In this page:
- Do what you do for fun.
- Don't ask, "Would [insert activity here] look good?"
- Do something different.
- Pick a few things and do them in depth … don’t join everything.
- Go for the long term over the short term.
- Take initiative.
- Make an impact.
- Don’t quit. (Unless …)
How to stand out on college applications
“What’s the best extracurricular to get into a good college?” That's a question I hear a lot. Is there a secret, universal list of activities that colleges most love?
Short answer, no. There’s no magic list of activities that will get a student into college. Instead, it's what they do with their activities that matters.
What are colleges looking for? Typically, a diverse group of students, with each one adding a unique piece of the freshman class puzzle and, ultimately, graduate. You’re an individual … make your extracurriculars reflect your interests.
1. Do what you do for fun.
Think about what the things you like, and ask yourself, "What can I do besides the obvious?" For example, if you love to ride bicycles, there are lots of ways to be involved: join a nonprofit that repairs and distributes bikes to underserved populations, volunteer at a bike race, join a riding team, take pictures of races and publish them on a local website, or start a blog that details the best mountain biking trails in town. The activity doesn’t matter to admissions officers as much as your commitment to it.
2. Don't ask, "Would [insert activity here] look good?"
Just stop. Really. Do what you enjoy. Ask yourself, “Do I like it? Can I commit to it for the long haul?” If the answers are both “yes,” then jump in.
However, if you’re just doing something because you think it’ll give you a leg up on admissions, think again. If you get into Yale because of your rowing, then you’re committing to more years of rowing. You’d better enjoy it!
3. Do something different.
Are you involved in something on your own? Great. Do something that a typical high schooler wouldn’t be able to, maybe something that is usually thought of as in the adult arena. Get a pilot’s license, get certified in teaching English as a second language, create a short film, become a Master Gardener, or get a certification in a vocation.
4. Pick a few things and do them in depth … don’t join everything.
Don't sign up for every club you can find to show colleges that you’re a super achiever. Showing a real commitment to a few things goes a lot farther than being a member of a long list of activities. Pick the things you enjoy, because you’ll be dreading the time you spend if you’re simply joining for the sake of padding your resume.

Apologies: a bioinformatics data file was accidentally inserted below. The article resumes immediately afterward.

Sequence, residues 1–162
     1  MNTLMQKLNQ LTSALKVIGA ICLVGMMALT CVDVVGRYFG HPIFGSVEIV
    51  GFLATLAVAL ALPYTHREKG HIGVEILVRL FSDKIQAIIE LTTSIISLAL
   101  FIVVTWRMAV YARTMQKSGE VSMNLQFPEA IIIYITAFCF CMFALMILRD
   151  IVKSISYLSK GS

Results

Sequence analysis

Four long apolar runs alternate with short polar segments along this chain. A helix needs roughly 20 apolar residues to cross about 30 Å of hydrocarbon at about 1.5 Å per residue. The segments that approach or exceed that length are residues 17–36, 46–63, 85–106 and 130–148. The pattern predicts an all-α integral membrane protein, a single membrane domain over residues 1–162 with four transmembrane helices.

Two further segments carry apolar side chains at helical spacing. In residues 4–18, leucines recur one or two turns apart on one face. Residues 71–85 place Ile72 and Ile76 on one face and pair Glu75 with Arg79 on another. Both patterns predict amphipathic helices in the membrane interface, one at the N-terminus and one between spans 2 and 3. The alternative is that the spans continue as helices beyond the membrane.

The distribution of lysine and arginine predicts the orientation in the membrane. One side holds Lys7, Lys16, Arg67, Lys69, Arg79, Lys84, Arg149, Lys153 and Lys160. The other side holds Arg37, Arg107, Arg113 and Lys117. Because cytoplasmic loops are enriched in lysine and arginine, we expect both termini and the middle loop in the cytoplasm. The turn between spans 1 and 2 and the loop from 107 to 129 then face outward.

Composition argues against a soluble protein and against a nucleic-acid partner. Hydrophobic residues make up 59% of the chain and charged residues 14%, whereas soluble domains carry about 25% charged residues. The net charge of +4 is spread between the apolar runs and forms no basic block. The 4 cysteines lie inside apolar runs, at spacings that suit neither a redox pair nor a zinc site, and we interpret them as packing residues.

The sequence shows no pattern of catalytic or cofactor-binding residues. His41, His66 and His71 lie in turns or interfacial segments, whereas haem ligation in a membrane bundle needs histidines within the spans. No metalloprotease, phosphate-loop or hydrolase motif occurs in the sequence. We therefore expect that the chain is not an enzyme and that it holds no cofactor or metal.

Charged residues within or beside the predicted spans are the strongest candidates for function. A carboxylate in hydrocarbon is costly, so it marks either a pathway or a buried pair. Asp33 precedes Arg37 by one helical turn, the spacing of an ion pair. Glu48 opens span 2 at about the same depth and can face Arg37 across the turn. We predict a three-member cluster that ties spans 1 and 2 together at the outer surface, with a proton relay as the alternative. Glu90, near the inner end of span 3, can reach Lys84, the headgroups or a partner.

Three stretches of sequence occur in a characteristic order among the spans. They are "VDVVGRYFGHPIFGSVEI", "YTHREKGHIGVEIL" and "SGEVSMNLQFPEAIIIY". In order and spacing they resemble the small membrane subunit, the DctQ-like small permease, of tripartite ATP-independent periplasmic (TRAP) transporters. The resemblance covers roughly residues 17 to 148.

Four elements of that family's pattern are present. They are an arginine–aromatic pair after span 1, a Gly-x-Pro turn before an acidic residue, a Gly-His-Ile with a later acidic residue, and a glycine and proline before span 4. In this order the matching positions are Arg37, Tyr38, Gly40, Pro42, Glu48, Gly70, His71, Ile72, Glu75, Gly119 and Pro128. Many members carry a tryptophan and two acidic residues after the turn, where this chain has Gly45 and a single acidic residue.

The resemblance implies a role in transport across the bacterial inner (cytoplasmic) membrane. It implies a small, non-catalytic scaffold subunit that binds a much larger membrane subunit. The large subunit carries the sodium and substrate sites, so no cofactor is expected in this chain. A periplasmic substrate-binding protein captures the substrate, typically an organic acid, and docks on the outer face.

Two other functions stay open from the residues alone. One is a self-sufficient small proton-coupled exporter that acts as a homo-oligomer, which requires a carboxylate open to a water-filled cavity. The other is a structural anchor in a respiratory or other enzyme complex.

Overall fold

5. Go for the long term over the short term.
Colleges want to invest in students who will graduate. They want to see some stick-to-itiveness in an applicant, because that student is a better bet than one who tries a dozen different activities and either drops them after a few months or does them only superficially.
6. Take initiative.
President spot already taken? Don’t want to be the secretary? That’s cool. Find a different need and fill it.
If you’re in a club and all the “good spots” are filled, find something else: offer to create a web presence, create a social media strategy, arrange to get funding, network for mentors, write a theme song, or come up with something entirely new that no one has done before. Use your unique abilities and talents.
7. Make an impact.
Colleges want to know that you made a difference, even if that difference is small. Sure, some students start successful nonprofits and invent devices that will change the world … but most don’t and colleges know that. But you can make a difference. Maybe it’s something small, like volunteering at chess tournaments for your old middle-school team, or maybe it’s big, like raising $10,000 for your favorite charity.
Find a way to make contributions with your own personal flair. Colleges like the students who make an impact wherever they are.
8. Don’t quit. (Unless …)
You're not going to be great at everything you do - you’re human, after all. It’s harder to stick with something that’s difficult than it is to continue with something in which everybody is always telling you how great you are, and colleges like to see fortitude. So don’t quit, even if you’re not succeeding, as long as you’re still enjoying it.
If you love Scottish dancing, but you know you're forever going to be forgetting the steps and smashing into people, keep dancing and keep enjoying yourself (but for the love of pizza, try to improve!). And if you love fencing, but you know you’ll never win a state, let alone a regional, match, keep stabbing. Your commitment and enjoyment are more important than your awards (or lack of awards).
It’s not that you should never quit an activity; if you’re miserable and you hate every second of playing the sax, then stop. Find something else that you enjoy; maybe it’s another instrument or maybe it’s something completely unrelated to music.